Our advice for clinicians on the coronavirus is here.
If you are a member of the public looking for health advice, go to the NHS website. And if you are looking for the latest travel information, and advice about the government response to the outbreak, go to the gov.uk website.
Social prescribing link workers in general practice have become a key support for shielded and vulnerable people across the North West during the Coronavirus pandemic.
Social prescribing was a relatively new role in general practice before the pandemic, working as part of multi-disciplinary teams to help patients address multiple issues affecting their wellbeing and connecting them to community groups.
Now staff have switched from home visits to home working, with patients being supported through phone and video consultations. Many social prescribing link workers have also taken on additional work supporting vulnerable and shielded people in the community:
- John Williams is one of a team of five social prescribing link workers with the Central Liverpool Primary Care Network, one of eleven primary care networks in the city. As part of Liverpool’s COVID-19 response, the team John works with are contacting almost 3,000 shielded and vulnerable patients on the list of their nine member GP practices. Other teams of link workers across the city are contacting a further 12,000 shielded and vulnerable people, collaborating with Liverpool City Council to co-ordinate support, including help with emergency food and medication deliveries. John and his team have also produced an online resource pack for local people signposting to local services and providing advice on everything from exercising at home to apps for mental wellbeing.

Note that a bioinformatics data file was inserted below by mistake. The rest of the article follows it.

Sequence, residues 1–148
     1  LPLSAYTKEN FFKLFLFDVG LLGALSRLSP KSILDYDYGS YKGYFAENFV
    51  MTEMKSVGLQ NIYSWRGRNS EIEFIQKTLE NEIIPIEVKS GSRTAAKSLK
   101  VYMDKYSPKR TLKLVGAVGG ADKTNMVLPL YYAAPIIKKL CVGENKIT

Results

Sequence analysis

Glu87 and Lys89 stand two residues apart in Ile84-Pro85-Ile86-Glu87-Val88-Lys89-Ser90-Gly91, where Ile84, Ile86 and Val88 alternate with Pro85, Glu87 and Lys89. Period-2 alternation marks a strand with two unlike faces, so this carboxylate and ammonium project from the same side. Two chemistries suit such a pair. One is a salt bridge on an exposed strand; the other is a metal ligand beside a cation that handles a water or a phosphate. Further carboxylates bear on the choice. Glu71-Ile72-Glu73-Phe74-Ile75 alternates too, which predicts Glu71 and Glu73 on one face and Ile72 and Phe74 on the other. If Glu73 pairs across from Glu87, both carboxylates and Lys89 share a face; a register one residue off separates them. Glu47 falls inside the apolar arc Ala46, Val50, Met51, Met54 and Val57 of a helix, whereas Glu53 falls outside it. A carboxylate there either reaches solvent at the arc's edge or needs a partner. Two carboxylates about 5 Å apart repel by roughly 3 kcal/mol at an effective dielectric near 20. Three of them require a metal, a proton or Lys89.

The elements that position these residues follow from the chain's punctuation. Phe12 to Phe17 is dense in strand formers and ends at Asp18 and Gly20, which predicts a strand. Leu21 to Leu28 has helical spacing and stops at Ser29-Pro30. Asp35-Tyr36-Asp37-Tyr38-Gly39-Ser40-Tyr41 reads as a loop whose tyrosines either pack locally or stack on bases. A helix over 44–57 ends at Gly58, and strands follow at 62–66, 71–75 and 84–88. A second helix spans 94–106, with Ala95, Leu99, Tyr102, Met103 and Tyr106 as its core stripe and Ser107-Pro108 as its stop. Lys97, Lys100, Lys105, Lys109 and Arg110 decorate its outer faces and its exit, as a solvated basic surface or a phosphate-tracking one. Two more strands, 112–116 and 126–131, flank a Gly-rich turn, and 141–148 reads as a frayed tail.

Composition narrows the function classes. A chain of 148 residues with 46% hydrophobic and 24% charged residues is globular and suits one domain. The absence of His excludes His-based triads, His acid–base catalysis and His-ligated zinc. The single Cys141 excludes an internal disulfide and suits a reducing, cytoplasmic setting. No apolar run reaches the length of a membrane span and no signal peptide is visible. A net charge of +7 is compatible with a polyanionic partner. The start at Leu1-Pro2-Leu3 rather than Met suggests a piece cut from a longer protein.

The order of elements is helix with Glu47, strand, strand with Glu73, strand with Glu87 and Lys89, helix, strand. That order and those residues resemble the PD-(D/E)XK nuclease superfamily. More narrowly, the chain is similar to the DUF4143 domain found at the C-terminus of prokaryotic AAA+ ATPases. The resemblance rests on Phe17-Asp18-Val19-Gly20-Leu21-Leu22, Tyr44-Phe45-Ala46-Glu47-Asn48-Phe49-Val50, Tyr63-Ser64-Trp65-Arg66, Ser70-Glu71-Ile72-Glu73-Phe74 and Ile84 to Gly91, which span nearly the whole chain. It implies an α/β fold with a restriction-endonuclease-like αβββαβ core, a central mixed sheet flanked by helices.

- In the first full week of lockdown, Manchester’s social prescribing service supported 1,101 people who needed immediate help with food and medication supplies. Support has switched rapidly from helping with long-term life changes such as coping with depression, getting people back into work and combatting loneliness to addressing people’s immediate needs during the pandemic.
- Action Together provides social prescribing for Tameside’s four primary care networks and has taken over 1,000 referrals for people in need of extra support from the voluntary sector, compared with around 100 in an average month previously. At their busiest, the service received 136 referrals in a single day Their work has included connecting more than 500 people to volunteers to help with tasks such as shopping and prescription delivery.
- Sefton’s social prescribing link worker service, delivered on behalf of seven primary care networks, has been receiving referrals of those on the shielded list that have been contacted by Sefton Council and requested additional support. They have supported 17 volunteers, registered with Sefton CVS, to enhance the assistance available to local people and provide an additional 163 hours of support over the phone to 64 people over the last five weeks.